You really didn’t need an official mayoral proclamation to tell you that 2016 in Calgary was the Year of Music.
All you had to do was listen.
Listen and appreciate what was yet another astounding year of output from this city’s community of ridiculously talented, creative and unique artists — and, far too often, unheralded and under-appreciated ones at that.
There was quality, there was breadth and there was certainly quantity. Notable releases came from every angle, be it in the single form (see Miesha and the Spanks) to a growing number of acts and artists embracing the EP — sample-sizers arrived by everyone from local country acts Bobby Wills and Jason Hastie to the more alt side of the spectrum including Alright Gents, Scratch Buffalo, Port Juvee, Chixdiggit and a major-label debut from Beach Season.
Please, please seek those offerings out, support the artists any way you can, but it’s the full-length undertakings that we’ll celebrate here with the Five Best Calgary Albums of 2016: The Year of Music.
Acknowledge them and appreciate them before we get too far into 2017: Another Year of Music.
1. Cowpuncher — Hustle: It’s become almost redundant to point out that this band of alt country outliers surprise every time they release something new, showing growth with each album, shifting their sound into unexpected territory and terrain. Redundant. But true. And never truer with this astoundingly heavy, catchy and clever slab of anthemic, slightly-psych rock that is almost traditional in its R&R form but odd enough to make it much more. It is a flat-out Calgary insta-classic. Produced by T.O. knob-twiddler Derek Downham in what was reportedly a fairly contentious session at this city’s OCL Studios, he pushed and pulled them towards nine tracks that never let up, never let you down and will have you awaiting whatever comes next from the Cowpuncher crew.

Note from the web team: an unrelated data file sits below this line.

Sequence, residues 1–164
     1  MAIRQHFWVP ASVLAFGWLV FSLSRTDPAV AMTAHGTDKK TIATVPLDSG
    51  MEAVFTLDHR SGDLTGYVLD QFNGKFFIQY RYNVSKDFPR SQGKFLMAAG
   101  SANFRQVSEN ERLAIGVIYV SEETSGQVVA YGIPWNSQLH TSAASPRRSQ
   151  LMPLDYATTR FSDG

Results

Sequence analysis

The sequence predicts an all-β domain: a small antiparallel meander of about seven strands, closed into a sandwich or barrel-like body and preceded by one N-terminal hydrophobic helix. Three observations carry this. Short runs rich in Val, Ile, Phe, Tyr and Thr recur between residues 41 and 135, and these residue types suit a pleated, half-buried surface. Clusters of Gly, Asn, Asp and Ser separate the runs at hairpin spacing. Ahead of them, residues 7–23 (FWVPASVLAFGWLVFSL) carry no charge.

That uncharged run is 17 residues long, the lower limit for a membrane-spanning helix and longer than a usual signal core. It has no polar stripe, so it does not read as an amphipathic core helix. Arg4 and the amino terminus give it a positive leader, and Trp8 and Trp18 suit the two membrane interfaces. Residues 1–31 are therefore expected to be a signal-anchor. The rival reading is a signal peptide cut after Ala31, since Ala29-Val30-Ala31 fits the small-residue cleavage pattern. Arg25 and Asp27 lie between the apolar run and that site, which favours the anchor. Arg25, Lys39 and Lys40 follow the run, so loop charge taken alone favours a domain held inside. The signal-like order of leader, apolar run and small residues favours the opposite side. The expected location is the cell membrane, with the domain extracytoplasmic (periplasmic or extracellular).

2. Evan Freeman — Luna: Apparently Mr. Downham likes what he hears from the locals and knows how to get the best out of them. He was also at the helm for this wonderful debut by Evan Freeman, who took his love of the shoegaze and Anglo pop to OCL for one of the dreamiest, creamiest submersions into sound and melody that one could hope to have wash over them. It’s epic in its ear for beauty and the myriad ways in which it delivers the goosebumps and feels. Freeman’s voice will remind you of every excellent artist you heard from across the pond in the ’80s and ‘90s — so warm, so welcoming, so full of a sort-of innocent blue-eyed soul and romanticism — and the sonics sculpted by the artist and his collaborator to house that vox recalls everyone from Talk Talk and Ride to Howard Jones, Coldplay and House of Love. Simply gorgeous.